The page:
Sizing the X-ray spectral resolution limits of the REgolith X-ray Imaging Spectrometer (REXIS) instrument at Asteroid 1999RQ36
Sizing the X-ray spectral resolution limits of the REXIS instrument at Asteroid 1999RQ36
Massachusetts Institute of Technology. Department of Earth, Atmospheric, and Planetary Sciences.
MetadataShow full item record
The REgolith X-ray Imaging Spectrometer (REXIS), a Charge-Coupled Device (CCD)-based coded aperture soft X-ray (0.3-7.5 keV) telescope for remote geochemical X-ray Fluorescence (XRF) spectrometry, will be flying on board the Origins Spectral Interpretations Resource Identification Security Regolith Explorer (OSIRIS-REx) asteroid sample return mission that will be visiting the asteroid 1999 RQ36 and sending a sample back to Earth. REXIS will detect elemental XRF lines and produce a histogram of results as the spacecraft orbits the asteroid as well as produce a global map of elemental abundance ratios. The accuracy requirement for measuring the global ratios of elements and the spectral resolution requirement for discriminating unique XRF lines from each other have been set in place. The correct interpretation of X-ray measurements from the surface of 1999 RQ36 is limited by properties that are intrinsic to the CCD detector, CCID-41, that has been chosen for REXIS. This thesis study outlines student experimentation and results that were conducted on the CCID-41 detector to gauge the intrinsic detector noise as a function of detector temperature. Further, the widening of spectral lines on the resultant histogram was also equated as a function of detector temperature. Members of the REXIS Team built a spectral resolution model to investigate both the widening of spectral lines as a function of detector temperature and the accuracy of the measurement of elemental abundance line ratios as a function of detector temperature. Data from the student laboratory experimentation suggested that the detector temperature remain at or below -75°C to minimize intrinsic noise properties. Data from the computational analyses of the spectral resolution model suggest consistent results that the detector temperature remains at or below -55°C to remain within the established REXIS requirements. The combination of these three results leads to the author's recommendation that a detector temperature requirement be set that the temperature of the CCD detector onboard REXIS shall not exceed -55°C and that a detector temperature goal be set that the temperature of the CCD detector shall not exceed -75°C.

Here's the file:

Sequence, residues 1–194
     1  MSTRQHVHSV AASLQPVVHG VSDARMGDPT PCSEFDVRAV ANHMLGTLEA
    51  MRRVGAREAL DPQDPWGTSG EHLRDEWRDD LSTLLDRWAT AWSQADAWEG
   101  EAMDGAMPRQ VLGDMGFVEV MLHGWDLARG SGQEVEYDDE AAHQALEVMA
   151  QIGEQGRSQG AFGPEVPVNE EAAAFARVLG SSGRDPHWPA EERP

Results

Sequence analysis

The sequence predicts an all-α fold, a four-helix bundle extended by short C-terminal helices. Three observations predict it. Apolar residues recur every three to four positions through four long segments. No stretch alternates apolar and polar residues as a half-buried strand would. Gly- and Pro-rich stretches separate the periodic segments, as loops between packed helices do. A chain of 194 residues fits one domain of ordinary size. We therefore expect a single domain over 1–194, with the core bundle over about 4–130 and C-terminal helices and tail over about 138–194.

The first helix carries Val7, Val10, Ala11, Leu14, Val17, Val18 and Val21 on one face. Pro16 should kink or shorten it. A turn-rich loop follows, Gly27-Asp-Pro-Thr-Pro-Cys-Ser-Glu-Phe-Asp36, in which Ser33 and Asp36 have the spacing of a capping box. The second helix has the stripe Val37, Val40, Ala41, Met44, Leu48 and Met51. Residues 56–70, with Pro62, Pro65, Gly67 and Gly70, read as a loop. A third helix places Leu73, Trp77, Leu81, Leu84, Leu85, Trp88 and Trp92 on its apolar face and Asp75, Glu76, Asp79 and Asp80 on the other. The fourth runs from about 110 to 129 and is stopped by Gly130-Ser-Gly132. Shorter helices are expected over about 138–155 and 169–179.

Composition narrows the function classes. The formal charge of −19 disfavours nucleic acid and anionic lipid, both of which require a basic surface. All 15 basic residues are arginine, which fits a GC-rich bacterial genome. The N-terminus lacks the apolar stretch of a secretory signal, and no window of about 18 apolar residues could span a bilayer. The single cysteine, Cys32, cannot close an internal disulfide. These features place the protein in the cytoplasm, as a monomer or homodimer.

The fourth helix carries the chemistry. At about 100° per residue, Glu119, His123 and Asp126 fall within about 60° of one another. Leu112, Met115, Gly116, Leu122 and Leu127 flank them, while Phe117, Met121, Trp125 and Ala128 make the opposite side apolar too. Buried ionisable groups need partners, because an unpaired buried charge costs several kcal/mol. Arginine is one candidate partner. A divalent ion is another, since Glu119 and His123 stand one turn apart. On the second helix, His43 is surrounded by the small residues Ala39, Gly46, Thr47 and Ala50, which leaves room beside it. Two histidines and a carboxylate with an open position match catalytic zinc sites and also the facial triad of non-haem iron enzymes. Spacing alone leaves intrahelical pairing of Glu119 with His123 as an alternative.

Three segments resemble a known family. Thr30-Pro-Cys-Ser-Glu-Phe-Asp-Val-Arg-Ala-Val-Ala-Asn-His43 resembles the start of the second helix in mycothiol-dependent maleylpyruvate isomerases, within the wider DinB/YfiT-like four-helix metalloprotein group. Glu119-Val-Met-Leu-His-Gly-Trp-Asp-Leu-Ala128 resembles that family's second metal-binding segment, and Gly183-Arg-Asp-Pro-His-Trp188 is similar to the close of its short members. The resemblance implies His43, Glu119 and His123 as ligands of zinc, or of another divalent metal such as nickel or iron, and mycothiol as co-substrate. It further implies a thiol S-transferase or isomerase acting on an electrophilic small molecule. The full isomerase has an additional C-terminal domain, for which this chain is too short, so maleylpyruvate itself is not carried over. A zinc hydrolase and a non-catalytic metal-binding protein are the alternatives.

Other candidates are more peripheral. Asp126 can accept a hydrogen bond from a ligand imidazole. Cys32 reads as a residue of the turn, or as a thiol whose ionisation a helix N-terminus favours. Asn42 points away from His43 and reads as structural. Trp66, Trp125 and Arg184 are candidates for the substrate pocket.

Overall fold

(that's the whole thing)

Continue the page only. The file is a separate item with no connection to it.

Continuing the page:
Thesis: S.B., Massachusetts Institute of Technology, Department of Earth, Atmospheric, and Planetary Sciences, 2013.Cataloged from PDF version of thesis.Includes bibliographical references (pages 64-68).
DepartmentMassachusetts Institute of Technology. Department of Earth, Atmospheric, and Planetary Sciences.
Massachusetts Institute of Technology
Earth, Atmospheric, and Planetary Sciences.